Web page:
UPDATE 1-Peru sees trade deficit instead of surplus this year, higher inflation
LIMA, Aug 28 (Reuters) - Peru will likely post a $720 million trade deficit this year - the first gap in more than a decade - instead of the $644 million surplus the government had forecast in May, the finance ministry said on Wednesday.
Peru will also probably register a trade deficit of around $485 million in 2014 instead of the $708 million surplus forecast earlier, the finance ministry said in a periodic report.
The Andean country's mineral exports have been hit harder than expected this year by softer demand from buyers including China and weaker global prices.
"In terms of our traditional exports we are seeing two effects - decreased volumes of output and decreased prices," Finance Minister Luis Miguel Castilla said in a televised presentation to Congress.
The central bank said on Tuesday that it expects even deeper trade deficits this year and next - a $1 billion trade deficit in 2013 and an $800 million gap in 2014.
In 2012, Peru posted a $4.5 billion trade surplus, which was half the size of the surplus in 2011.
Peru, a global miner that relies on shipments of minerals like copper, gold and silver for about 60 percent of its export earnings, has not posted a trade deficit since 2001.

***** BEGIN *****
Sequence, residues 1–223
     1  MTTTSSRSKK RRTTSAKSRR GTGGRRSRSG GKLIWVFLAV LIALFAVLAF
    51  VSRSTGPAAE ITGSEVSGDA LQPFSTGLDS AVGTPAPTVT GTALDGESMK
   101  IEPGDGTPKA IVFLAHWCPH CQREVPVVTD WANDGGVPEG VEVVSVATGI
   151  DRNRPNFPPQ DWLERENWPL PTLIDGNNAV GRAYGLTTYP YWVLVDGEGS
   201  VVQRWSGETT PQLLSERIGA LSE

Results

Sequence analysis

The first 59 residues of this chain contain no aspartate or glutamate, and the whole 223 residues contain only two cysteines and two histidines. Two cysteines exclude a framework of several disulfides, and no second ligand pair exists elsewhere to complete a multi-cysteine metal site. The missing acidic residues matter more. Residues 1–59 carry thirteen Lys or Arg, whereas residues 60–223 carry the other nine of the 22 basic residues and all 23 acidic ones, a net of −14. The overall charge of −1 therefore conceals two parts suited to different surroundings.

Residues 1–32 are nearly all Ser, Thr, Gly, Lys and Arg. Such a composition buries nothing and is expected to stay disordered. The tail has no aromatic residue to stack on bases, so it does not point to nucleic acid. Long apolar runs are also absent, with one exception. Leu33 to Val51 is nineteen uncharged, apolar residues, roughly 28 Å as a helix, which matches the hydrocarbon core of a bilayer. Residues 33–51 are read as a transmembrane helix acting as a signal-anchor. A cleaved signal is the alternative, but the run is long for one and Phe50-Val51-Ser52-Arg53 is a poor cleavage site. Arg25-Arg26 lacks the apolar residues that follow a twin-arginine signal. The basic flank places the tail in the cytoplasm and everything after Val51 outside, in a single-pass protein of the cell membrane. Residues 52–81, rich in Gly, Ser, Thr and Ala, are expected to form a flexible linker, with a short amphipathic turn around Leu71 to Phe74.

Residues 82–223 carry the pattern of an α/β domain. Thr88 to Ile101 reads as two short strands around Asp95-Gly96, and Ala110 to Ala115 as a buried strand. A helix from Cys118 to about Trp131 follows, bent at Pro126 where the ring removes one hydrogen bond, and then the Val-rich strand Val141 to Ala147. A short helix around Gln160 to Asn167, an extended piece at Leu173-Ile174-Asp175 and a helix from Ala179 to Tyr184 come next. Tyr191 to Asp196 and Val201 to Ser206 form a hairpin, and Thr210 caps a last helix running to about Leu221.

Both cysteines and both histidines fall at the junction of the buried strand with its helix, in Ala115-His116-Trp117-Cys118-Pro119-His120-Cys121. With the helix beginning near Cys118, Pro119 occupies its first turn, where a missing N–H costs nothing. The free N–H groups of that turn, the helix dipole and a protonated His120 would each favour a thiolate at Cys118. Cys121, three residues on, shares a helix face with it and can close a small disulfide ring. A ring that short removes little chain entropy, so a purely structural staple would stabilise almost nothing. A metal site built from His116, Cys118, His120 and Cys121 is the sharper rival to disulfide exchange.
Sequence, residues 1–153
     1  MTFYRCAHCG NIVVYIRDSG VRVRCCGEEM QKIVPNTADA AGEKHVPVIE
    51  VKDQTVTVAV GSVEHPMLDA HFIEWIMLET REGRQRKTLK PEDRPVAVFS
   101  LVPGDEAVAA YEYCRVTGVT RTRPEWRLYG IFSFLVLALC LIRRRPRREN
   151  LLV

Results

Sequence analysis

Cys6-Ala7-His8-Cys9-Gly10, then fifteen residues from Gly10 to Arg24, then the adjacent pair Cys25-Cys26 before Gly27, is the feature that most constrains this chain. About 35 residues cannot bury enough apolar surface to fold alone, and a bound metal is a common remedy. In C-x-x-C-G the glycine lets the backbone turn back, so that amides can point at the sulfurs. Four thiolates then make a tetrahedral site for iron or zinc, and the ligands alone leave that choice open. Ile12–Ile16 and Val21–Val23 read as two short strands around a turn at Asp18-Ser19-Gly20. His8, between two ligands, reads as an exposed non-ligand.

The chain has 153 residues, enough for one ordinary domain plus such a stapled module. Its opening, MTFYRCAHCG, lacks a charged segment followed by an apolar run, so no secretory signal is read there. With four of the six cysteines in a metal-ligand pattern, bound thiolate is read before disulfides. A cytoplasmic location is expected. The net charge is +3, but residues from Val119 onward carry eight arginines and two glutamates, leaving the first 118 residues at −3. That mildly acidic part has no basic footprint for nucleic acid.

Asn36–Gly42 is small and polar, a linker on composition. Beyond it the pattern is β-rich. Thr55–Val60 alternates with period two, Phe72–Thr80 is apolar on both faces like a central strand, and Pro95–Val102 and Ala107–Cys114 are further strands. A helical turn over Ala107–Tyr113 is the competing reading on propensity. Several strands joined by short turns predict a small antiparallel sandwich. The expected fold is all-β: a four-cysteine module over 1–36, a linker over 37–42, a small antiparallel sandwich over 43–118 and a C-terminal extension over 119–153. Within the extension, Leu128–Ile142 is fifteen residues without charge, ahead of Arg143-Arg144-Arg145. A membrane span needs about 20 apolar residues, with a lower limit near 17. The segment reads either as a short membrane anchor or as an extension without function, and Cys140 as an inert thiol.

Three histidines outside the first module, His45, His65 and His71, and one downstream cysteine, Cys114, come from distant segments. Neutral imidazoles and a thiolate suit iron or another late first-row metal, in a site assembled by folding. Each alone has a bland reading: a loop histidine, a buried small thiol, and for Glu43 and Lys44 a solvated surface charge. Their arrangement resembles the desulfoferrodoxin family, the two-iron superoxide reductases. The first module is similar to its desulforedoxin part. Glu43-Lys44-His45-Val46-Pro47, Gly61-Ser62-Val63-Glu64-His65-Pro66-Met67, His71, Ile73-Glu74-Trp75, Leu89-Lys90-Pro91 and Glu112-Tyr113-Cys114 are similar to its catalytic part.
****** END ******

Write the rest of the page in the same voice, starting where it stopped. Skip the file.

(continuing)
Peru's economy has slowed this year on slacking exports and somewhat milder domestic demand, and Castilla said on Tuesday that the economy would probably expand 5.7 percent instead of the 6.3 percent estimated earlier.
On Wednesday the finance ministry also said it was raising the official forecast for inflation in 2013 from an earlier estimate of 2 percent to 2.6 percent, which is still within the central bank's target range of 1 to 3 percent.
The central bank has held the interest rate steady at 4.25 percent for more than two years.
The government is also now expecting a wider current account deficit in 2013 - 5 percent of gross domestic product (GDP) instead of 4.4 percent - and a smaller fiscal surplus of 0.3 percent of GDP instead of 0.7 percent.